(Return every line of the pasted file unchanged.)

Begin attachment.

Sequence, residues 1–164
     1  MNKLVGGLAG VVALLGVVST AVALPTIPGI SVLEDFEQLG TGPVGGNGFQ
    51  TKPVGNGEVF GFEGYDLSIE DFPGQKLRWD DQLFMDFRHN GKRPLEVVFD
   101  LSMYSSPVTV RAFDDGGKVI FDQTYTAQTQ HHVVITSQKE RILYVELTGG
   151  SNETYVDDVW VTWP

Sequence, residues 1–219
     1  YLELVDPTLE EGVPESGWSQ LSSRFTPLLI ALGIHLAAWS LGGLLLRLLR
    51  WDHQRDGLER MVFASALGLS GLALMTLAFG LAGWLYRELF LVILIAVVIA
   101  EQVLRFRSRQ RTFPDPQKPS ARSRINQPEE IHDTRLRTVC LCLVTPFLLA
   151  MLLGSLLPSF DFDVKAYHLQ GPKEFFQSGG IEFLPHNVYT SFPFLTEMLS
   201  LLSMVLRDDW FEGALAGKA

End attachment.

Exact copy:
Sequence, residues 1–164
     1  MNKLVGGLAG VVALLGVVST AVALPTIPGI SVLEDFEQLG TGPVGGNGFQ
    51  TKPVGNGEVF GFEGYDLSIE DFPGQKLRWD DQLFMDFRHN GKRPLEVVFD
   101  LSMYSSPVTV RAFDDGGKVI FDQTYTAQTQ HHVVITSQKE RILYVELTGG
   151  SNETYVDDVW VTWP

Sequence, residues 1–219
     1  YLELVDPTLE EGVPESGWSQ LSSRFTPLLI ALGIHLAAWS LGGLLLRLLR
    51  WDHQRDGLER MVFASALGLS GLALMTLAFG LAGWLYRELF LVILIAVVIA
   101  EQVLRFRSRQ RTFPDPQKPS ARSRINQPEE IHDTRLRTVC LCLVTPFLLA
   151  MLLGSLLPSF DFDVKAYHLQ GPKEFFQSGG IEFLPHNVYT SFPFLTEMLS
   201  LLSMVLRDDW FEGALAGKA